PC Gamer
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title="Permanent Link to New Rise of the Triad trailer is holiday twisted">Rise of the Triad Drunk Missile







The morning after being visited by three specters (or perhaps three jackbooted Nazi-ish occultists), Apogee has posted an all-new holiday-themed trailer for its upcoming remake of Rise of the Triad. The cold-as-ice clip—called the "Deadly Gentlemen trailer"—features a number of explosive jump-pad leaping and shooting sequences set to a hard-rockin' electronica edition of the classic Christmas carol "God Rest Ye Merry Gentlemen."



Rise of the Triad is an Unreal Engine 3-powered remake of the old-school, run-and-gun 1994 shooter. Playing as one of five different members of H.U.N.T. (High Risk United Nations Task Force), you'll tackle a cadre of Nazis-who-aren't-called-Nazis and their supernatural demon buddies in 20 levels of goretastic single-player action. All the original multiplayer maps and modes, power-ups, and weapons are also set to return. And this time around, there won't be a Doom II dropped on our heads a few months ahead of RoT's Steam release in Q1 2013 to distract us from playing it. Well, not unless id has something they'd like to tell us...



Check out the ho-ho-homicidal mayhem here.
PC Gamer
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title="Permanent Link to Reinstall: Space Quest V: The Next Mutation">Space Quest V







"BABY BORN WITH ONLY ONE HEAD!” screams the cover of the Galactic Enquirer. Fascinating. And it must be true! If you can’t trust the parody newspaper from a comedy sci-fi game, what can you trust?



I really miss the tchotchkes that used to come with games. The random crap you get in overpriced suckers editions today can never be as fun as something thrown in for no better reason than because the creators could, or wanted to make a big cardboard box rattle seductively when you picked it up in the shop. Novellas, cloth maps, replica Zorkmids: if the tchotchke sucked, it didn’t matter. When it was good, it was a nice surprise—like the first time you learned how to spell the word “tchotchke.” (You’re welcome.)



Galactic Enquirer was one of those: a 22-page introduction to Space Quest V’s story, universe, and characters that quickly set the tone of the adventure ahead. You get wacky pet pix of shaved Tribbles, spaced-out horoscopes, and best of all, there were zany transporter bloopers. The comedy didn’t come from the gags themselves, but imagining the awkward day some unsuspecting Sierra employee was thrown a pair of cheap plastic buttocks and told, “Put these on your face, you’re now the Rear Admiral.”







Yes, we’re in official guilty pleasure territory with Space Quest V ($5 on GOG with IV and VI), and yes, most of the jokes are, in themselves, pretty damn weak. Most work by being so geeky that you smile because you’re in on the gag, they're being delivered so shamelessly that they break through the crap barrier at warp factor 10. The villain is Captain Raemes T. Quirke. The love interest? Ambassador Beatrice Wankmeister.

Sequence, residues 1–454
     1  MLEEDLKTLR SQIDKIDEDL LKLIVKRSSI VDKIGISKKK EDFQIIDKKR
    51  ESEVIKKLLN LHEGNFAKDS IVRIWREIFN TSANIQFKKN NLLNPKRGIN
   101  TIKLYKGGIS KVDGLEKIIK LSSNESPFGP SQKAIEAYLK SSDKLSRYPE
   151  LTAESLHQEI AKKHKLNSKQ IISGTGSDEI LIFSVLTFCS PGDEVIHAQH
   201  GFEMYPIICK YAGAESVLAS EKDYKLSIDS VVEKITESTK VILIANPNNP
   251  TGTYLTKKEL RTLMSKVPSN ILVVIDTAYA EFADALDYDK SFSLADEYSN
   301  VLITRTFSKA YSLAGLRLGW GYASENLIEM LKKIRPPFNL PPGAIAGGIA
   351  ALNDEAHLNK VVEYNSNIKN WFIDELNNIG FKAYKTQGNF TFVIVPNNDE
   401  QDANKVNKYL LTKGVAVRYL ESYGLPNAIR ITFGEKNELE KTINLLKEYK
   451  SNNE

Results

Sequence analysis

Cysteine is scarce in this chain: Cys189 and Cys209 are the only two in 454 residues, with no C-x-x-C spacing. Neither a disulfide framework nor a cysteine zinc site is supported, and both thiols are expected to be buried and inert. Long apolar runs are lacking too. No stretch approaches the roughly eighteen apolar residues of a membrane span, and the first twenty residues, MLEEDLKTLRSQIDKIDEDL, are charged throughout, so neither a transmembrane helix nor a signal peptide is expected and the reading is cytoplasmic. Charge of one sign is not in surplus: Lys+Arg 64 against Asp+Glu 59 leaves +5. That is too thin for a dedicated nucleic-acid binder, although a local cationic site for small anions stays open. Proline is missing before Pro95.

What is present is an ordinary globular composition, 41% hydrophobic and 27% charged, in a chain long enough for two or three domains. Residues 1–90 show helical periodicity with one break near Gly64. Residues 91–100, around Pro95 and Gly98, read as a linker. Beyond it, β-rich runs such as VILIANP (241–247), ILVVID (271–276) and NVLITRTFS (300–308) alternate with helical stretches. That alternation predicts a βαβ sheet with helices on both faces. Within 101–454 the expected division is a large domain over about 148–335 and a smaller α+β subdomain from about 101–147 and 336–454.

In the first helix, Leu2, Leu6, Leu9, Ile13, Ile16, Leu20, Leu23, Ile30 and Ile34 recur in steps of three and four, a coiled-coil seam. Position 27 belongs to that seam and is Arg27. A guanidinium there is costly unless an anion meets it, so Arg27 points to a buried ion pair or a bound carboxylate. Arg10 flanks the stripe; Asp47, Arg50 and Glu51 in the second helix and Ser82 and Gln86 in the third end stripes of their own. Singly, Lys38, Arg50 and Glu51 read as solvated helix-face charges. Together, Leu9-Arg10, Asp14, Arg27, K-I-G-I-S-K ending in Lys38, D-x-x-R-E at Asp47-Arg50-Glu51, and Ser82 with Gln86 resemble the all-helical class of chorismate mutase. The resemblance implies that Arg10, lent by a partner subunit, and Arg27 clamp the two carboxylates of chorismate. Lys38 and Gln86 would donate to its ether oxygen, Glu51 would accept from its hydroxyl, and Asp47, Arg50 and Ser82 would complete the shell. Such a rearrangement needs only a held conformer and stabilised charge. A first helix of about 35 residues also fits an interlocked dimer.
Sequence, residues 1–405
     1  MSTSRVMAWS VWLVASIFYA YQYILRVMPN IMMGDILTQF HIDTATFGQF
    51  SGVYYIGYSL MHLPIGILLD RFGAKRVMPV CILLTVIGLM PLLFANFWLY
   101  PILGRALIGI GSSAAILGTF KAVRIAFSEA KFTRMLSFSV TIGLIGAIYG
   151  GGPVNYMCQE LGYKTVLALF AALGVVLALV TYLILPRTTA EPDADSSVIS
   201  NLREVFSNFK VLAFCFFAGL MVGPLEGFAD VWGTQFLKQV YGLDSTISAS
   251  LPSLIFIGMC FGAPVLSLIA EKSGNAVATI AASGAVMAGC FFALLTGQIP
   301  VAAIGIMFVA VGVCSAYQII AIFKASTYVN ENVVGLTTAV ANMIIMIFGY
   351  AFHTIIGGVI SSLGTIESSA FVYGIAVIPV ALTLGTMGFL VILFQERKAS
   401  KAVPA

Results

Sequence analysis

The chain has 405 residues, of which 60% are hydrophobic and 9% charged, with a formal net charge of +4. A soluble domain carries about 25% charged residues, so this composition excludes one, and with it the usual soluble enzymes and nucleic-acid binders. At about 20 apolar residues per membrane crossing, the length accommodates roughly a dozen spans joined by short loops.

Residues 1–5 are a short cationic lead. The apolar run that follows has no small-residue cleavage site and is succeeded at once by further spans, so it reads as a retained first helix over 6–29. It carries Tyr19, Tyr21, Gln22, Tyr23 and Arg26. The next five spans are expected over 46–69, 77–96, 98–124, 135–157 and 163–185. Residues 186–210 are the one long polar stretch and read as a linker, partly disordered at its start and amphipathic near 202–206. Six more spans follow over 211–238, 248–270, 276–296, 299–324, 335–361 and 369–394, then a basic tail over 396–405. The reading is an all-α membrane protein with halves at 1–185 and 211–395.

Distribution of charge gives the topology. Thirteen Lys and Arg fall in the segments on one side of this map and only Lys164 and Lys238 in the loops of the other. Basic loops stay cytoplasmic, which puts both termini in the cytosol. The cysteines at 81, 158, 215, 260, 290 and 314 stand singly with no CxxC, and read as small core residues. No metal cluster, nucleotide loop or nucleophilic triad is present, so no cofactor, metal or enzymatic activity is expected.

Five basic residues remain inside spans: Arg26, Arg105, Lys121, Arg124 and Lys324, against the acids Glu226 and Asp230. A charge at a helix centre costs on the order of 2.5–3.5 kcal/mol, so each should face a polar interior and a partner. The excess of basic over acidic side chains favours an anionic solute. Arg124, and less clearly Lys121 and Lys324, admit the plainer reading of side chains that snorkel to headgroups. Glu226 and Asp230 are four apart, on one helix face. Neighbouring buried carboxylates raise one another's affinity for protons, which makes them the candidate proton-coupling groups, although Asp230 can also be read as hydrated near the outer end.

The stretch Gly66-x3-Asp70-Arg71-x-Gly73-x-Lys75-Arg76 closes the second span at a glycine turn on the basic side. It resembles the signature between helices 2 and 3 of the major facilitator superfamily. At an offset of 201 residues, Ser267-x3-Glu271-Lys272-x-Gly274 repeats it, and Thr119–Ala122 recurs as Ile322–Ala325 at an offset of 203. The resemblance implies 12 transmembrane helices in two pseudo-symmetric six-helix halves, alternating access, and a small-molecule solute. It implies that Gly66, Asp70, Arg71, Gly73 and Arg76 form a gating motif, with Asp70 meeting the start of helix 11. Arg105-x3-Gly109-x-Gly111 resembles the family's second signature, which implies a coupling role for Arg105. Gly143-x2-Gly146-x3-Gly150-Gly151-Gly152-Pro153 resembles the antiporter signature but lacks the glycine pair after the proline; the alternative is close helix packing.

But that’s okay. They’re cheap gags, and they don’t pretend to be anything else. Space Quest was always Sierra’s “throw-it-in” series, where you’d find the Blues Brothers on one screen and a Toys R Us parody next door, and usually getting away with it despite never being that great. SQ4 had some inspired bits, especially its central "time travel by visiting fake Space Quest sequels" gimmick, but the rest were better enjoyed for the idea of wacky space adventures than the actual adventuring.



Except Space Quest V. The plot remains simple—illegal toxic waste dumping leads to evil mutant Pukoids threatening the galaxy—but it's executed with surprising finesse. The puzzles don't rely too much on obscure solutions, the action is spread over multiple worlds (all tiny, but that’s okay), and for the first time, SQ bothered with a bit of actual character development to link it together. One of the early puzzles involves defeating a ruthless fembot assassin called W-D40 on the planet Kiz Urazgubi (say it out loud) by ramming a banana up her exhaust pipe. In Space Quest, normally that would be it, puzzle over, move on. Here, she gets reprogrammed to be a little less psychotic and sticks around until the end as an essential ally.







The most important change, though, was that while previous games had occasionally given you a ship to get from point A to point B, Space Quest Vfinally promoted its long-suffering janitor hero Roger Wilco to Captain (of a garbage scow, of course) complete with a crew, a mission, and a bright-red shirt to hide his inevitable bloody injuries. Sierra designers always did love their comedy death scenes.



Having a ship made the game for me. When it comes to space RPGs, Elitebores me about as much as trading fictional goods for fictional gold should bore anyone. I’ve always loved more narrative-heavy games like Privateer; with intrigue, characters, and freedom to explore. Here, it’s a weak illusion: if you go to places in the wrong order, you’re just told to go away; there’s absolutely no discovering of strange new worlds or teaching sexy aliens of this thing we humans call kissing anywhere to be found. Somehow though, it doesn’t matter as much as it might. Just having the option of pointlessly raising the shields, going to warp, and activating the self-destruct on a whim makes you feel far more in command than you actually are.